CSS Plain-Text Conversion


Continuing the discussion from Standardizing innerText:

Okay, so looking directly at this table, I think rather than trying to invent a parallel logic that sorta-kinda-interacts with some of CSS sometimes, Plain-Text Conversion should start from the CSS style/layout/selector engine browsers are already using for rich content (because, essentially, how an element should be converted to text is as much a property of its “style” as its margins or font are). Here are some of my thoughts around the process for doing that (note that I’m not really a CSS lawyer so some of this might be a little muddled):

  • Hidden elements MUST NOT be included in the plain text. This includes elements hidden with display: none as well as visibility: hidden.
    • visibility: hidden may be replaced by a space-equivalent empty element - I’m not really familiar enough with HTML spec behavior to dictate the transformation yet.
  • Anonymous boxes MUST be treated the same as non-anonymous boxes.
  • Within an inline content block, whitespace should be collapsed/preserved according to the white-space CSS rule, after applying the text insertions defined below.

The remaining differences are handled by plaintext CSS rules dictating the transformation of the HTML content into plain text.

Many of the plaintext rules specify what text to insert before, after, or between each type of display with known values (between values are only applied between two sibling elements of the same display type, after any before value and before any after value):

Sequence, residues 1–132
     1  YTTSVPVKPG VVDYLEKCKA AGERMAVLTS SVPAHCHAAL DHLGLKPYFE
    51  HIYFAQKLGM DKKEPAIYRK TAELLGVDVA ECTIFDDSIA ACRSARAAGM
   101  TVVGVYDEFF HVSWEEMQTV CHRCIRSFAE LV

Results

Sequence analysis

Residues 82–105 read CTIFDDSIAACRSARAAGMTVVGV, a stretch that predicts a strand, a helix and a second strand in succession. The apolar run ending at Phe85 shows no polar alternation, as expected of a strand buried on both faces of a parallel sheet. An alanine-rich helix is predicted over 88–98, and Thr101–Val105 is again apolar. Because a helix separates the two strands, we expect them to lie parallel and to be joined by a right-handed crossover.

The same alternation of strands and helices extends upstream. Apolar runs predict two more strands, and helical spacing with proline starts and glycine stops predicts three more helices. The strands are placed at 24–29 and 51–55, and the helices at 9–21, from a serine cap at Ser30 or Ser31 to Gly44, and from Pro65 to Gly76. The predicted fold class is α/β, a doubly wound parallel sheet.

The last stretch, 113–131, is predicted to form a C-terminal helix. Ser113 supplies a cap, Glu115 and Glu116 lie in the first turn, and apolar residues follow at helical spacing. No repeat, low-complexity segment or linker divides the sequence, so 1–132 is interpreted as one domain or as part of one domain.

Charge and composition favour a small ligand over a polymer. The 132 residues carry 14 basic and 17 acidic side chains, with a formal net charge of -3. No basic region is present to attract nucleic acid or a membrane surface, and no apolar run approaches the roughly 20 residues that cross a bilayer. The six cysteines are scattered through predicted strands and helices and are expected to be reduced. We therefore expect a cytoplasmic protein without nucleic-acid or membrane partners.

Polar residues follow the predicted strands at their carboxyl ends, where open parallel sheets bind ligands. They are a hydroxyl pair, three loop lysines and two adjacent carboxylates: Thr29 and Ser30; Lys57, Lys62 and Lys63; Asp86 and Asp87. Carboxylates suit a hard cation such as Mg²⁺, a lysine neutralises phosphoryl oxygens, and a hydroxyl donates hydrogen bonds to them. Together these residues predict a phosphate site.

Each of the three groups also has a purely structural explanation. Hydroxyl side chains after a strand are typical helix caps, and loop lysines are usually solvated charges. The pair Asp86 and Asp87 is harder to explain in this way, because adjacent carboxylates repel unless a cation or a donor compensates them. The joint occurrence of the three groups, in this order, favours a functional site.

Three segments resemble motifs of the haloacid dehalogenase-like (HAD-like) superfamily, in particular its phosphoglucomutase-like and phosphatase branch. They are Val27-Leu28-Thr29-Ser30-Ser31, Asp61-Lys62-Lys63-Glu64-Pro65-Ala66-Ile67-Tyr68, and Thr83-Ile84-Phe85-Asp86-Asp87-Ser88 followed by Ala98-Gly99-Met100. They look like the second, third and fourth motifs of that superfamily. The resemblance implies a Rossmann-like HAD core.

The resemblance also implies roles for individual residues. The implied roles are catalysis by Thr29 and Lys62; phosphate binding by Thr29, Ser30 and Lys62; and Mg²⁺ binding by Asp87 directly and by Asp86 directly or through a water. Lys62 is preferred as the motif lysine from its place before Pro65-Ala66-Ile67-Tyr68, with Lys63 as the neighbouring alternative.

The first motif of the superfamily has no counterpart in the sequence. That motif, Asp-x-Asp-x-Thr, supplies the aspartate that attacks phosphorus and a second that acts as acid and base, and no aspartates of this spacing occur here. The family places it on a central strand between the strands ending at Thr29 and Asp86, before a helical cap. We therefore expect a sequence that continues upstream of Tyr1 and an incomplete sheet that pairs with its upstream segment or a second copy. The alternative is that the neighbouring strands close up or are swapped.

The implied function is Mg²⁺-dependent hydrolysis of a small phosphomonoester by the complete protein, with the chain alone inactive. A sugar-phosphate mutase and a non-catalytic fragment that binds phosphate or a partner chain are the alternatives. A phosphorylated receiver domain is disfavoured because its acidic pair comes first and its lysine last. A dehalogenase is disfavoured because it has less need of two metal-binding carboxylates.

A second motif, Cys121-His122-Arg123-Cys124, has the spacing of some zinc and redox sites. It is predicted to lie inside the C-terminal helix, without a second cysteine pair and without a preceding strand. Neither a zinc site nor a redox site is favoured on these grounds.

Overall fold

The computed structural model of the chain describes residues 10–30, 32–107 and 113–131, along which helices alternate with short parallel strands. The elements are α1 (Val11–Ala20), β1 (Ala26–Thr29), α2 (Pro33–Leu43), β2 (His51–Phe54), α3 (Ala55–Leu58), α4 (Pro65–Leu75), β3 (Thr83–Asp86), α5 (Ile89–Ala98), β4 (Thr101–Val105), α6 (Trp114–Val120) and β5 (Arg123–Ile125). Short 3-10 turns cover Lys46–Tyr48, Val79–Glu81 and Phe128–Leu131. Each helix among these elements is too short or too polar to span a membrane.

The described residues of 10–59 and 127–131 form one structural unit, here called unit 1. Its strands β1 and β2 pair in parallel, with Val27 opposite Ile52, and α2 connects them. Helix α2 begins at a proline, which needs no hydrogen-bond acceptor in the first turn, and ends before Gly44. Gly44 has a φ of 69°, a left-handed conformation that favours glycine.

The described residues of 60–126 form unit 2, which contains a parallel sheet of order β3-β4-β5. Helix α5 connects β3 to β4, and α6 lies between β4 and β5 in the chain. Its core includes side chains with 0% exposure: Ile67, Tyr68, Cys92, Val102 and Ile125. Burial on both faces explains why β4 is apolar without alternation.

• plaintext-after-table-caption, plaintext-after-block, plaintext-between-block: Defaults to "\n".
  • plaintext-between-inline: Defaults to " ".
  • plaintext-between-table-cell: Defaults to "\t".

Other values maybe be defined but are all defaulted to "".


  • plaintext-fallback-content: Defaults to “remove”, meaning that complex (media) elements with fallback content should be removed. A value of “replace” states that the fallback content should replace the value of the media element.
  • plaintext-transform: Whether text-transform transformations should apply to copied text. A value of “preserve” uses the transformed text: a value of “discard” uses the non-transformed text. Defaults to preserve.
  • plaintext-input-content: What to use for the plaintext content of <input> elements. Defaults to “value”, which uses the string value of the element as its content. A value of “remove” for this rule removes the <input> element from consideration.

Also, there should probably be some kind of plaintext-include: discard to otherwise hide elements when converting to plaintext, although I don’t know if there’s an existing rule (eg. for accessibility) that may be better suited to this purpose and repurposed here.

Similarly, there should maybe be general rules for “text pseudo-elements” that may imitate other styling features in plaintext, like a plaintext-before that may be used to add "* " bullets for list items. (These may instead be called plaintext-prefix and plaintext-suffix to differentiate them from the plaintext-before-* display rules.)